Does access to the Internet and computers make us increasingly distracted and stupid, or does such access provide a kind of “mental force multiplier” that greatly increases our creativity and productivity?
This question is being debated among IST faculty in recent e-mail exchanges, in recent books such as The Distraction Addiction: Getting the Information You Need and the Communication You Want, Without Enraging Your Family, Annoying Your Colleagues, or Destroying Your Soul, by A. Soonjung-Kim Pang, and in blogs such as that by Tim Wu of the New Yorker Magazine (“How Today’s Computers Weaken Our Brain” Sept. 9, 2013).
Given the explosion of e-mail, automated “information feeds,” text messages, tweets, and alerts from social media, not to mention increasing advertisements which pop up for nearly every activity, it is tempting to argue that Internet access, mobile computing and communications devices, and constant online activities are distracting and may result in a kind of universally induced computer attention deficit disorder.
The issue is certainly not new. More than 45 years ago when I was in graduate school, my advisor, Dr. Satoshi Matsushima, was a pioneer in applying computer processing to applications related to modeling the atmospheres of stars. Despite his love of computers, he required his graduate students to plot data by hand, eschewing automated plotting programs. He argued that we would fail to actually think about the data and model results, if they were automatically plotted, rather than thinking about where each data point was placed on a graph.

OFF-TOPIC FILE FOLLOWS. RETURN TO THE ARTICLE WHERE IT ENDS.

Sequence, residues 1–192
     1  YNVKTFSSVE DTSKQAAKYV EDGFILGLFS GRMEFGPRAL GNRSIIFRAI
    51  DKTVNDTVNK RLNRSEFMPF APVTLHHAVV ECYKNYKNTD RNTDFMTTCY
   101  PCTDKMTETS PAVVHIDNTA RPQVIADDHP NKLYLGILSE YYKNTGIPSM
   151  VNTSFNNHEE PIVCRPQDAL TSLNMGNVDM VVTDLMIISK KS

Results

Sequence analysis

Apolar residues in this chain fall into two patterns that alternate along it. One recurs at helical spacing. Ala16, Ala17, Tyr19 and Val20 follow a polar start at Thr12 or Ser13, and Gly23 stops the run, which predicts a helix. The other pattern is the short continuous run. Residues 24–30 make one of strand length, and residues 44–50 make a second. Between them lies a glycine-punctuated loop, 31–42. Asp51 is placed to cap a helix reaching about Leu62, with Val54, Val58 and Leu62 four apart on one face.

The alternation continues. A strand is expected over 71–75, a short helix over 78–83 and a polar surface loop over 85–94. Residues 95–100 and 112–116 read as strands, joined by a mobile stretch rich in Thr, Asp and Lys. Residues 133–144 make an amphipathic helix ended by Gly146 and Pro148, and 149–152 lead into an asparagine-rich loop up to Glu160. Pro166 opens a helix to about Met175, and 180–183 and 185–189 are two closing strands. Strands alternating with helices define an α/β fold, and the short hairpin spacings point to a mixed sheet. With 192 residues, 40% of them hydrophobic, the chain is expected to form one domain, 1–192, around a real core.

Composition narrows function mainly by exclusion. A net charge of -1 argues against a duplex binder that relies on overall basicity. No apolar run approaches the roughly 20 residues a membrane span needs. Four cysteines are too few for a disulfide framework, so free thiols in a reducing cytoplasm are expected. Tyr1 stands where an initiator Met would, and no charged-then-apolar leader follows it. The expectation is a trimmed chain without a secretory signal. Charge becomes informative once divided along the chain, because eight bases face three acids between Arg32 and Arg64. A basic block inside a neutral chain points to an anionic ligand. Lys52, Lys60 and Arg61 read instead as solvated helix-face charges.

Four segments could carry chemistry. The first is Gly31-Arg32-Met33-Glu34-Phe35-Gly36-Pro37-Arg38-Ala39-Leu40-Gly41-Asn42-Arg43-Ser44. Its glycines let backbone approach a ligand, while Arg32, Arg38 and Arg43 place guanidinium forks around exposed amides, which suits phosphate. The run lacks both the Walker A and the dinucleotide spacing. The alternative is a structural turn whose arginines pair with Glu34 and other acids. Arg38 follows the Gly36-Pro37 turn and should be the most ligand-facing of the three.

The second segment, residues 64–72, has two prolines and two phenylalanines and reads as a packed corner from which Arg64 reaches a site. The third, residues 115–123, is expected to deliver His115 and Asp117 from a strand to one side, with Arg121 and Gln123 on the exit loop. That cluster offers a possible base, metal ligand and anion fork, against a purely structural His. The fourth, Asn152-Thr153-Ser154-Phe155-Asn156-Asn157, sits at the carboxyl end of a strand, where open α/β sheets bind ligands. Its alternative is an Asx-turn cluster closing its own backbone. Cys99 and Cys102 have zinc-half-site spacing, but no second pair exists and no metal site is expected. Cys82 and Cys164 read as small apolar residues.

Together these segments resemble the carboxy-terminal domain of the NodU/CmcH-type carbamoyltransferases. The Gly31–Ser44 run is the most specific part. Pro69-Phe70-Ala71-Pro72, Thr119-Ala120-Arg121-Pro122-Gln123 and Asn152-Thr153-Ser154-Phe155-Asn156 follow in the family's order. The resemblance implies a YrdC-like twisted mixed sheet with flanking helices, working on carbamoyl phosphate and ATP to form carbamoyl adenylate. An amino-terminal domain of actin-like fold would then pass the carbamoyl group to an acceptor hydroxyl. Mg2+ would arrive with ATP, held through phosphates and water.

Similarly, Clifford Stoll, the astrophysicist who caught German spies prowling through computers over the Internet in 1988 (described in the book, Cuckoo’s Egg) reflected on productivity issues in his book, Silicon Snake Oil: Second Thoughts on the Information Highway (1995). An early enthusiast of computers and an internet pioneer, Stoll recounts his work with Chinese professor Chen Dao Han on interactions between comets and the solar wind in the early 1980s. Stoll had traveled to China, bringing a new HP-85 computer along. To perform some data analysis, Stoll fired up his computer and developed an algorithm for performing analysis of time sequence data. Stoll was proud of his effort, thinking that he had saved lots of time in the analysis. He was chagrined when Professor Han gently pointed out that the real challenge in the data analysis involved taking into account the accuracy of different observers and ambiguities in historical records that spanned multiple dynasties, rather than the computation performed by Stoll’s program.
Some modern research is simply not feasible without large-scale computing, access to the Internet and increasingly sophisticated tools. Tools such as Mathematica and MATLAB provide numerous computational algorithms for nearly every type of function ranging from solution of differential equations to solutions of optimization problems, signal and image processing, pattern recognition, and many more.